In his home country of Canada, Mark Kingwell is something of a celebrity philosopher—a public intellectual who, in addition to writing many readable books and winning teaching accolades, makes frequent television appearances and has a carefully crafted jeans-and-sneakers persona. He has also been called a “hipster philosopher.” His books include volumes on cocktails, fly fishing, the pianist Glenn Gould, and the Empire State building. He’s published a rambling meditation on the urban experiences of New York and Shanghi; a collection of his own essays to which he added private asides, coquettishly titled Marginalia; and, with Joshua Glenn, a glossary of terms relating to work and another on idleness. Several books have been best-sellers, such as In Pursuit of Happiness: Better Living from Plato to Prozac, which Kingwell proudly describes as a “self-help book for people who hate self-help books.”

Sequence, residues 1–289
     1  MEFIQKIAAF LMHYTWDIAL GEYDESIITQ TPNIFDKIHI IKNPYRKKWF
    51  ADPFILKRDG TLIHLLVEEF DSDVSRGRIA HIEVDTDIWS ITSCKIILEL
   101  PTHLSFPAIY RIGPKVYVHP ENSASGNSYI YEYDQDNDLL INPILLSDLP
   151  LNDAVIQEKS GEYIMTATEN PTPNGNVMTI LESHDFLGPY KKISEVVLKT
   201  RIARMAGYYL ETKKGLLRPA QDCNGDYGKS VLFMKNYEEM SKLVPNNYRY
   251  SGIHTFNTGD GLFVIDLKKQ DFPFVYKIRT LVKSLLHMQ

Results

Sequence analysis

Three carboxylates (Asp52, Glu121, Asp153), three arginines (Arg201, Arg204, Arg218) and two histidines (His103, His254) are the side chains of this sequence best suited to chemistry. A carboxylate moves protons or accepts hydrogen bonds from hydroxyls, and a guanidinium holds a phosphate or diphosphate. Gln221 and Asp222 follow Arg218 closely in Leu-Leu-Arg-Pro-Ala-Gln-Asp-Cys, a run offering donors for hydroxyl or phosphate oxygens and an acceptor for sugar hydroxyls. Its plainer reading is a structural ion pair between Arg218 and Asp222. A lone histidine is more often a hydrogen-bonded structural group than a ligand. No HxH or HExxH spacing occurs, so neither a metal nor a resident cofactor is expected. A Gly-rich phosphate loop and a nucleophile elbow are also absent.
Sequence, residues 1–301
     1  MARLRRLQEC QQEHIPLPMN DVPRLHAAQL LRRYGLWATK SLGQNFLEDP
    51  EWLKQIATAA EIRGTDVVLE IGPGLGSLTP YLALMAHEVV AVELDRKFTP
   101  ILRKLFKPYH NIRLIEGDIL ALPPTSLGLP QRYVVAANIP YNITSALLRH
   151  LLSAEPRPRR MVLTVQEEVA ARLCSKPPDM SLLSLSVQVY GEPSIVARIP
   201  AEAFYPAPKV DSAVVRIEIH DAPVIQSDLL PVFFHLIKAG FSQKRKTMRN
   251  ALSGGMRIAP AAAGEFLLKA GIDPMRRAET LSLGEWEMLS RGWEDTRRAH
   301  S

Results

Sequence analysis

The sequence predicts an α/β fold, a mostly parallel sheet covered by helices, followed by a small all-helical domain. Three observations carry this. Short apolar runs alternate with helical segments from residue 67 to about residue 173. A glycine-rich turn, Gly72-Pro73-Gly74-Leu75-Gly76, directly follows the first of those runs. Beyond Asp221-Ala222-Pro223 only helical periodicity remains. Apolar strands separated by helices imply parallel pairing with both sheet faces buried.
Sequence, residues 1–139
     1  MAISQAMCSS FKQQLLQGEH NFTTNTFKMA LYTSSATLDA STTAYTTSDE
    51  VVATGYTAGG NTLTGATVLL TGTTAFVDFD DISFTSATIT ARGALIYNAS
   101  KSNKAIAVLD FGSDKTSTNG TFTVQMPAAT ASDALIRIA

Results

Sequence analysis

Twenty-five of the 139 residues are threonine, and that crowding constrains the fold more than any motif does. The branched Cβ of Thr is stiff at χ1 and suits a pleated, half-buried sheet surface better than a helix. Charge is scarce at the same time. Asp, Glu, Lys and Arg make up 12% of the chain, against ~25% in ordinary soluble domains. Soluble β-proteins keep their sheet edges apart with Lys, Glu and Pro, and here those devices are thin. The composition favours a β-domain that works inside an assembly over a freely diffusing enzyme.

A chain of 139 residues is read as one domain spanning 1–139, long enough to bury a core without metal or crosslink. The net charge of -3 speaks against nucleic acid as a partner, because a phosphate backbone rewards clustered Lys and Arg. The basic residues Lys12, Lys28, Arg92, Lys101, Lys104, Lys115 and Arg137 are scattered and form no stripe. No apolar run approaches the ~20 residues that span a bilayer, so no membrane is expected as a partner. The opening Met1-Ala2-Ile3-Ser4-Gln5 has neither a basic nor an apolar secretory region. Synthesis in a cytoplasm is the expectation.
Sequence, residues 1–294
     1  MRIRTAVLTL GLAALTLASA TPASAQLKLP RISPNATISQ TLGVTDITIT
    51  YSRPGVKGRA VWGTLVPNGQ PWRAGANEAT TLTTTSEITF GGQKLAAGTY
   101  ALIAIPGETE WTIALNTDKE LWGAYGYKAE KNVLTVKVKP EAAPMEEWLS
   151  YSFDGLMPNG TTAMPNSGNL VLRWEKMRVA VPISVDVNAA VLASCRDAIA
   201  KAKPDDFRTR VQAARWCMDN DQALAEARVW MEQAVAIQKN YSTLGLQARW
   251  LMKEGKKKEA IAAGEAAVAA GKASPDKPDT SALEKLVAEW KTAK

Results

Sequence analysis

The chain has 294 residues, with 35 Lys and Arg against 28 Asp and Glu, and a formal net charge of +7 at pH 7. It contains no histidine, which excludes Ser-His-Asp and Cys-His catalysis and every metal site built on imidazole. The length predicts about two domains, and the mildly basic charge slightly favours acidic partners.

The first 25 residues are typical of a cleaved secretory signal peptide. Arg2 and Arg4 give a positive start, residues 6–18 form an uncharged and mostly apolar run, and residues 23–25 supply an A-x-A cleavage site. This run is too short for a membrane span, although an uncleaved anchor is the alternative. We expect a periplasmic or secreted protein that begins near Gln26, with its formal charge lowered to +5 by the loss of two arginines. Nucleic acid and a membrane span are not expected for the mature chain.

Kingwell’s style is to gather glittery scraps from the cultural miasma swirling about him to punctuate his arguments, such that individual essays are as meandering as the breadth of his corpus. A representative essay on the virtues of not-working mentions in short order Occupy Wall Street, Cary Grant’s character in Holiday (1938), Bertrand Russell, the Third Reich, Thomas Carlyle, J.M. Barrie, Noël Coward, Jeremy Bentham, Serbo-Croatian War, the Iron Law of Oligarchy, Guy Debord, the author’s disgust with Ivy League schools, and this is a very partial list. His references are high brow, low brow, and entirely left field, as when he considers the side effects of his experiments with Prozac with a particularly Canadian idiom: “I was finding it harder to—how can I say it—put the puck in the net.” When Kingwell castigates another writer for “banal delivery” the implication is clear: banality is one writerly sin he is loath to commit.